Blog Archives

Topic Archive: admissible sets

Logic and Metaphysics WorkshopMonday, October 24, 20164:15 pmGC 5382

Joel David Hamkins

Set-theoretic mereology as a foundation of mathematics

The City University of New York

In light of the comparative success of membership-based set theory in the foundations of mathematics, since the time of Cantor, Zermelo and Hilbert, it is natural to wonder whether one might find a similar success for set-theoretic mereology, based upon the set-theoretic inclusion relation $subseteq$ rather than the element-of relation $in$.  How well does set-theoretic mereological serve as a foundation of mathematics? Can we faithfully interpret the rest of mathematics in terms of the subset relation to the same extent that set theorists have argued (with whatever degree of success) that we may find faithful representations in terms of the membership relation? Basically, can we get by with merely $subseteq$ in place of $in$? Ultimately, I shall identify grounds supporting generally negative answers to these questions, concluding that set-theoretic mereology by itself cannot serve adequately as a foundational theory.

This is joint work with Makoto Kikuchi, and the talk is based on our joint article:

J. D. Hamkins and M. Kikuchi, Set-theoretic mereology, Logic and Logical Philosophy, special issue “Mereology and beyond, part II”, pp. 1-24, 2016.

Set theory seminarFriday, September 11, 201510:00 amGC 3212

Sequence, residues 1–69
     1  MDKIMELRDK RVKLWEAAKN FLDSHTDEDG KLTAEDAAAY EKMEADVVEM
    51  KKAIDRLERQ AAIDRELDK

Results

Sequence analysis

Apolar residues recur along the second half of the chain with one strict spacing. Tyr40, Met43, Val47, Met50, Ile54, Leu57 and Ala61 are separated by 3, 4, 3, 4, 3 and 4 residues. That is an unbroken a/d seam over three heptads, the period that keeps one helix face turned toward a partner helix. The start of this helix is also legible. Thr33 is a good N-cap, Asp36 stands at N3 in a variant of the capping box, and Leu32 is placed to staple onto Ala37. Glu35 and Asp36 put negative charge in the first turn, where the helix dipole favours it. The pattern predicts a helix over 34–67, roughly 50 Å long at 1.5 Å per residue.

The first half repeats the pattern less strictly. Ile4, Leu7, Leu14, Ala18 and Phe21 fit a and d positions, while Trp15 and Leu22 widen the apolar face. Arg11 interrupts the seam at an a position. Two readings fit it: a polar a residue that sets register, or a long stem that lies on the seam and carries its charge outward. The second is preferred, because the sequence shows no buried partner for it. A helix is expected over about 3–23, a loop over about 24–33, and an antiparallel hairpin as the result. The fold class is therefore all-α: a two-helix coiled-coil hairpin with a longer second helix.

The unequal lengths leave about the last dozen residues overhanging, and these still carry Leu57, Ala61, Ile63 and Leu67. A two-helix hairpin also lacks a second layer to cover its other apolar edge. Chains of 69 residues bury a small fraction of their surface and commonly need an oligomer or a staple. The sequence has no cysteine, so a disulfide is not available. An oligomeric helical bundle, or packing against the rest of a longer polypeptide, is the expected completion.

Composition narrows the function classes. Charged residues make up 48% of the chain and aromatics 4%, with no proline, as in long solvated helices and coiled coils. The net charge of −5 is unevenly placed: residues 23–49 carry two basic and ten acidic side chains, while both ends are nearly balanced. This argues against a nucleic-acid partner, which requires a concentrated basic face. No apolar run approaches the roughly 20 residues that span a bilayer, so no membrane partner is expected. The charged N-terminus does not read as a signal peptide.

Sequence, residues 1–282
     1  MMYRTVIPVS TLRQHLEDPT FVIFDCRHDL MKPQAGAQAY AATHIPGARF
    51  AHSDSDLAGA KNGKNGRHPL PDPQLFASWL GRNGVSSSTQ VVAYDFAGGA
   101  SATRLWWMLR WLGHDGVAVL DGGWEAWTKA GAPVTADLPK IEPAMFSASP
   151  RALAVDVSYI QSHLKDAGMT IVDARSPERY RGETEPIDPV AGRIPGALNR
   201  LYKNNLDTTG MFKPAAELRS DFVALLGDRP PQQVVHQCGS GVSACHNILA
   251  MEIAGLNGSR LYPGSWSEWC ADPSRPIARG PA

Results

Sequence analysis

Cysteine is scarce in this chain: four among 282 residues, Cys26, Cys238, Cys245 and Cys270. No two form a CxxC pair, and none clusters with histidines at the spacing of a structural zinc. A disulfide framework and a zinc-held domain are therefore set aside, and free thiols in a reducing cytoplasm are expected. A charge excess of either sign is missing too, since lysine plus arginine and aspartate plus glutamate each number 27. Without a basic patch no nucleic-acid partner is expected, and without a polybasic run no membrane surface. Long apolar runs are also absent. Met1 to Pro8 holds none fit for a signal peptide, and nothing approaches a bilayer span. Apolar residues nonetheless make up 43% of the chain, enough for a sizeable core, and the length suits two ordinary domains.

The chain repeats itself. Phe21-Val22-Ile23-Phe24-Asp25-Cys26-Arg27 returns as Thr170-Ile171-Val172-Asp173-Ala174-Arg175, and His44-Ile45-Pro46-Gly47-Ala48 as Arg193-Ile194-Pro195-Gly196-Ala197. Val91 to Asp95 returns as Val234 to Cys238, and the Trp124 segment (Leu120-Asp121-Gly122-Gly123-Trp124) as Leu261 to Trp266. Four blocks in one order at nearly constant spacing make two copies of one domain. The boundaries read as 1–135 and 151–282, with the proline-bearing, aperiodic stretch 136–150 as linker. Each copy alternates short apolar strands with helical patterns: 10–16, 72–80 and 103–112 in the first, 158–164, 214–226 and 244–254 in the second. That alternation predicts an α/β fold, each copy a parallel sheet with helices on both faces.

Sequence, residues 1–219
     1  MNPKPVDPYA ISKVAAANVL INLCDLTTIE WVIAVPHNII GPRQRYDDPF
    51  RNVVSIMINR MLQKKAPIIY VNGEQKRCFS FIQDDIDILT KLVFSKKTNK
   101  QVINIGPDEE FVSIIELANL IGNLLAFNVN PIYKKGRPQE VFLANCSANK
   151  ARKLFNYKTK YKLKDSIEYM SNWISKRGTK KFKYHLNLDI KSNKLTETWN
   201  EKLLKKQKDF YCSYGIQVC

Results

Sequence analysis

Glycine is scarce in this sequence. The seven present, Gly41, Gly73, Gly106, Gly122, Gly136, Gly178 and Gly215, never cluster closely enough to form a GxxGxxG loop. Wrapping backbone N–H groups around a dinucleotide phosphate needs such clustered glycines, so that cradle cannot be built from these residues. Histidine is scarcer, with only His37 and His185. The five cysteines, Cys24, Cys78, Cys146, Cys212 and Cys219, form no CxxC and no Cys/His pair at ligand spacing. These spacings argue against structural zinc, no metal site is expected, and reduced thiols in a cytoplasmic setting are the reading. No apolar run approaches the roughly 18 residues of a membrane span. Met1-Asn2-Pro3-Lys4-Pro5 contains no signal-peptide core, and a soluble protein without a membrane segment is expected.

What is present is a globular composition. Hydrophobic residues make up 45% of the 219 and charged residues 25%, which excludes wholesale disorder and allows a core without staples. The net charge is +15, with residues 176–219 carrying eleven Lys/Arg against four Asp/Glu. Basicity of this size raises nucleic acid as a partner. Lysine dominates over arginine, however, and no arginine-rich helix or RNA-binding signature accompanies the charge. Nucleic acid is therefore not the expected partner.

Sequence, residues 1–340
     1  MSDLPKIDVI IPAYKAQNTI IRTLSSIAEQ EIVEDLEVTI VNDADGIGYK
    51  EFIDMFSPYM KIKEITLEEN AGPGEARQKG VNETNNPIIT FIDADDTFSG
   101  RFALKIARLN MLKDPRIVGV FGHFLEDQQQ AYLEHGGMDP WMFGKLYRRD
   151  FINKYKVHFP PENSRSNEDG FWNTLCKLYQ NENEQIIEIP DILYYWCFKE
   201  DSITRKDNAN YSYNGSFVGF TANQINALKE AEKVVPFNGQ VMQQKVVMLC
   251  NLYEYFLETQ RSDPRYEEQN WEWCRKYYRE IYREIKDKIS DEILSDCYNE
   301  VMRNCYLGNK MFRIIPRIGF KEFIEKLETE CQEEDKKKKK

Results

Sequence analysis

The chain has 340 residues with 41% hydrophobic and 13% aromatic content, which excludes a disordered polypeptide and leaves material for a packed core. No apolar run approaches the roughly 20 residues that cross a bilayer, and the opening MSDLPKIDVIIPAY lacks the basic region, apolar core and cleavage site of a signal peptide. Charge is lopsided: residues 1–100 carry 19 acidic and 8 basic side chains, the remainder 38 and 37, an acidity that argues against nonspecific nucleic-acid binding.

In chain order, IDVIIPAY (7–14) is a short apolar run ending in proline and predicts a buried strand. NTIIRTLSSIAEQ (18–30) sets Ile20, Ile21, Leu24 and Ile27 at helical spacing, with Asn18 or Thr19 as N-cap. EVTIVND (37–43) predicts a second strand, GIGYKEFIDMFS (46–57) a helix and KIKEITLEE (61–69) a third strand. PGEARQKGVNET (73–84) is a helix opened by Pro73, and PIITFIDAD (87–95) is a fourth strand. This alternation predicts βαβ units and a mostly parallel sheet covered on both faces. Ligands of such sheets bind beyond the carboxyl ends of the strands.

Kameryn Williams

Admissible Covers and Compactness Arguments for Ill-founded Models of Set Theory

The CUNY Graduate Center

The Barwise compactness theorem is a powerful tool, allowing one to prove many interesting results which cannot be gotten just from the ordinary compactness theorem. For example, it can be used to show that every countable transitive model of set theory has an end extension which is a model of $V = L$.  However, the Barwise compactness theorem only applies to transitive sets. What are we to do if we want to have compactness arguments for ill-founded models of set theory?

This is where Barwise’s notion of the admissible cover of a (possibly ill-founded) model of set theory comes in. In this talk, we will see how to construct admissible covers and how they can be used to extend compactness arguments to the ill-founded case.

This talk is a prequel of sorts to my next talk in this seminar. Some of the results discussed in this talk will play a crucial roll in the arguments there.